As someone who has been intimate with digital and marketing operations for over 10 years, I find myself talking a lot about process, workflow, data and the like. It seems familiar territory if you have worked in the information technology industry for any length of time, particularly in software, as we make a living automating process for our customers.
But, as we used to say, ‘process’ is a dirty word for many, even though it is shorthand for ‘how we do things around here’. It is certainly not something we think a whole lot about, until a business change prompts us to recognise that we need to be more explicit about what we do and how we do it.
To be successful in a digital first marketplace, it is important to spend some time on understanding why explicit business process definition has to be second nature to marketers and in particular, which processes are significant in marketing performance.
BPM, BPO and RPA: A Brief History
My early introduction to business process concepts at BT was driven by marketing bespoke software, based on structured development methodologies like Information Engineering and being taken through ISO9000 quality certification which focuses on and audits process.
The Business Process Management (BPM) discipline was adopted by IT professionals, following on from early BPR initiatives that resulted directly from introducing information processing software.
Business process management (BPM) is a discipline that uses various methods to discover, model, analyze, measure, improve and optimize business processes. A business process coordinates the behavior of people, systems, information and things to produce business outcomes in support of a business strategy. Gartner
Definition and management of the processes surrounding a company’s relationship with its customers, including its automation, eventually followed manufacturing, logistics, order-to-cash and other enterprise processes to become packaged ERP systems. Customer Relationship Management (CRM) and the Marketing Automation Platform (MAP) are the best-known systems automating relationships that touch customers, or target customers. But most of marketing’s touch-points don’t start or end in these systems.
Now, in our AI/ robotic-obsessed era, more and more processes are being automated and optimized in the name of productivity (cost-savings) by robots. RPA is taking over the process automation world.
Sales and Marketing can not escape. Our employers and our customers are driven by Key Performance Indicators (KPIs) that obsess about reducing costs - and process efficiency means automation. Process innovation can drive growth.
So What Does This All Have to do with Marketing?
As large parts of the buyer’s journey have moved online, and engagement with vendor salespeople is left later in the buying cycle, marketing is expected to take a greater share of the responsibility for identifying engaged buyers and qualifying their readiness for sales contact.
This is a reflection of the process changes happening in the buyer landscape and the corresponding changes that B2B marketing need to make, both to read and interpret the digital body language of buyers, but also to respond in real time with content and messaging appropriate to their needs. Marketing needs to provide customers with a great experience and at the same time ensure leads which are sales ready are getting through to Sales in a timely manner with all of the appropriate information included.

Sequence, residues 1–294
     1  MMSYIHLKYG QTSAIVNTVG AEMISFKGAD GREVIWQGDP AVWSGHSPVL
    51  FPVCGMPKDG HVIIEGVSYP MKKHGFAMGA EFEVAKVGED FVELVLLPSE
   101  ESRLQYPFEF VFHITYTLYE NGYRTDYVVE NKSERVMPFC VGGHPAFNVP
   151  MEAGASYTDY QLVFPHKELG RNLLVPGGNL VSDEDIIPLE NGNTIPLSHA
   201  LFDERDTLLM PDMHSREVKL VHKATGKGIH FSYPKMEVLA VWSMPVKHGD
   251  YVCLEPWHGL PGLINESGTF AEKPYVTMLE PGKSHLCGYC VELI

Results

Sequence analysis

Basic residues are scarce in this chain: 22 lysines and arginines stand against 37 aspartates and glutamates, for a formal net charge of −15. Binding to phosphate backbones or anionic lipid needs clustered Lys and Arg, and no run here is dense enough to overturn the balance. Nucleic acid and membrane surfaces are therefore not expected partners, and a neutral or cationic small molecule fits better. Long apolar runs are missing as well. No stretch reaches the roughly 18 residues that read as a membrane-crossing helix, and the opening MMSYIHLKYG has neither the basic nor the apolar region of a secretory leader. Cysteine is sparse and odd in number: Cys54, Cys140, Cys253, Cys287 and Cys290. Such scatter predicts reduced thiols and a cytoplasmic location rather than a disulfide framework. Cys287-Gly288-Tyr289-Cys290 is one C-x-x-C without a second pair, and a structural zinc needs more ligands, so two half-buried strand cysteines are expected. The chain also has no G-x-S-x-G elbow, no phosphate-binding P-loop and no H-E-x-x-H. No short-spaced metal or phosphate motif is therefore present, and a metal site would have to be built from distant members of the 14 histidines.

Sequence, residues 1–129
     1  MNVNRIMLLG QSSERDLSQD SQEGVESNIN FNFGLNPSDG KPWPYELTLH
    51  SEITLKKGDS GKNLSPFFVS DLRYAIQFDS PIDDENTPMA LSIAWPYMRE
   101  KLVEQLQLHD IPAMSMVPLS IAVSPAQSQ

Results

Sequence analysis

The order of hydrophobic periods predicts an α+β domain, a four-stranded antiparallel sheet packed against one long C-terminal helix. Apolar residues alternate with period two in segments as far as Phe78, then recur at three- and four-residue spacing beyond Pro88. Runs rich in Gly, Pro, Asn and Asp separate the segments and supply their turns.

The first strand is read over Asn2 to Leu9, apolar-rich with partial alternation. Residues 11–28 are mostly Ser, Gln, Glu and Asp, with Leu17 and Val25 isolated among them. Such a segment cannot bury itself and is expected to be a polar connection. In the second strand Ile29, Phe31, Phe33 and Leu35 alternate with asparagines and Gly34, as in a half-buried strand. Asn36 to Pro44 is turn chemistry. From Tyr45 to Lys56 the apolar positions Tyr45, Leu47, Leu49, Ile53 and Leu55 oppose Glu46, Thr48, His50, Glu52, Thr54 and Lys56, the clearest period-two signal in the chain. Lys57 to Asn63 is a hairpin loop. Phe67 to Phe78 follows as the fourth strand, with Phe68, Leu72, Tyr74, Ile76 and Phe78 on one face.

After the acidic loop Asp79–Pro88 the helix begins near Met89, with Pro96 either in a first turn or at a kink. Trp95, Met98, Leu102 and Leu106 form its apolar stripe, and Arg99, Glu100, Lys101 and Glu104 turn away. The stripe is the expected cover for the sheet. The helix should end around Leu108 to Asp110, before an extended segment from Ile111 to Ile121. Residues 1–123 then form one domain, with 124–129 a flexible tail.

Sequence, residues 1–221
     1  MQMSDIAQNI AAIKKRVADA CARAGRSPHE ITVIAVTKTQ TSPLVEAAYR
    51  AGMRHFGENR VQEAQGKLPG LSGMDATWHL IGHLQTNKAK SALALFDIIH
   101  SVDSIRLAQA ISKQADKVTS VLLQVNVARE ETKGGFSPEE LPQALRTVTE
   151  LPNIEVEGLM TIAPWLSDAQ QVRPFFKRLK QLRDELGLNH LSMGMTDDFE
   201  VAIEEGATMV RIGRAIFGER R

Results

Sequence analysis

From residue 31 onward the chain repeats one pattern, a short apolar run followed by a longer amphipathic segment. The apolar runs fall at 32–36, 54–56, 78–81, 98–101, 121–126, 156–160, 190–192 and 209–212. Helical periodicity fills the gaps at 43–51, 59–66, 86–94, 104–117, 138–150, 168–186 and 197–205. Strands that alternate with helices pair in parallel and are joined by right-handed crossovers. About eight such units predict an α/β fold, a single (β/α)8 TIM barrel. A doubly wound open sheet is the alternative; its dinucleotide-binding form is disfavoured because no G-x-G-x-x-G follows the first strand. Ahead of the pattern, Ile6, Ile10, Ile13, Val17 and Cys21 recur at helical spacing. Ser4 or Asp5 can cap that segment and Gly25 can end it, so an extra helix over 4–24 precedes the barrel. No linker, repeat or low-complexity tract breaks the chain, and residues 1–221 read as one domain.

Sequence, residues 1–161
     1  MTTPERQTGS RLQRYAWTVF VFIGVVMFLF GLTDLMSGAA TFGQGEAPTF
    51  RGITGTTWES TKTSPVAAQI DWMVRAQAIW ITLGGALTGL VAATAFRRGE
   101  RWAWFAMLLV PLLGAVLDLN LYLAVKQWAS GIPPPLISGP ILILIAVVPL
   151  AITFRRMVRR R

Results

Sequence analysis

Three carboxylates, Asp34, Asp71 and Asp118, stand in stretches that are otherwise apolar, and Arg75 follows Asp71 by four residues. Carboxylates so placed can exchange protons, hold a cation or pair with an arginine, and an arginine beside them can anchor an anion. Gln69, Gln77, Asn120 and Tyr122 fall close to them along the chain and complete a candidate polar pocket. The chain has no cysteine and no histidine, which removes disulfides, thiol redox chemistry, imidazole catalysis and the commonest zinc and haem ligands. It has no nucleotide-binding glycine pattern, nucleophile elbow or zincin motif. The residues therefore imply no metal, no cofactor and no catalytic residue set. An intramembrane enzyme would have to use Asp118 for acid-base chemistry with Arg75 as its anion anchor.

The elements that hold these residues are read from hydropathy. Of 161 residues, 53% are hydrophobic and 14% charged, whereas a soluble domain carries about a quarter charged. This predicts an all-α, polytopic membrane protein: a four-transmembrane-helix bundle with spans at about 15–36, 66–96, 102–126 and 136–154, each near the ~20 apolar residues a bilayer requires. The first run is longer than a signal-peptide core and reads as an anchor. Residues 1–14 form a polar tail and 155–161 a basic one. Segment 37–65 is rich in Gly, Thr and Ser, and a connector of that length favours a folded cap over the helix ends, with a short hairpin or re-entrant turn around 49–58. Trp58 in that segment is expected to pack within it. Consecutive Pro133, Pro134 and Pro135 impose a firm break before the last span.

How Marketing supports these differing needs, perhaps on a global scale, with multiple languages, localised variants on what is a sales-ready lead and with differently performing engagement content and channels, is complex. To do this consistently, so that data is captured and integrated, to complete a picture that can drive the appropriate action, is complex. How to do it requires internal cross-functional agreement; documentation and consistent deployment/ training. These agreements about ‘how we work’ will have components that need to be automated, analysed, reported on and optimised.
This is all about the process of B2B marketing in a digital economy.
5 Processes for Marketing to Obsess About
So now we have established that, in order to scale marketing activities in a way that can be optimised and changed in response to market dynamics or new insights, while maintaining a consistent customer experience and brand reputation, we need clear processes.
Of course, some processes are more important than others – particularly those that touch the customer experience and drive net promoter score (NPS) performance for the company and those that significantly impact marketing’s KPIs. The Top 5 for B2B marketing are:
Lead-to-Revenue Marketing Process
Marketing Planning Process
Campaign Creation and Build
Customer Experience Management
Lead-to-Revenue Marketing (L2RM)
According to Forrester, companies that have implemented a managed lead-to-revenue marketing (L2RM) process are showing 30% better performance in marketing contribution to pipeline and revenue and 50% higher revenue growth.
Lead-to-revenue processes and revenue operations functions, which report funnel performance against the end-to-end sales and marketing engagement cycle have matured over recent years as companies have worked on sales and marketing collaboration, although as my recent post discusses, there is still some way to go as teams fall back into familiar silos. However, where companies have established formalized sales & marketing operations teams, governance is much better.
The fundamentals of sales and marketing alignment that lead to establishing clear definitions of who does what in the L2RM process accountability have to be supported by workflow in the systems of record (CRM, ERP) that reinforces the agreed actions, and capture data that can be reported. This is often where system usability and the time it takes for ‘administration’ of the process become stumbling blocks. Change can take time and project scope should be limited to make time for training and for users to become familiar and accepting of the need for consistency.
Marketing planning has always been the poor cousin of marketing doing! And lack of planning is often excused by pointing to the speed of change in the market and the need to stay ‘agile’.
But executing marketing without both a short term plan and a long term strategy is like driving a car without either a planned destination or a map: sure, you’re going to get somewhere, but how do you know when you’ve arrived and what did you learn that will allow you to take some shortcuts on the next trip?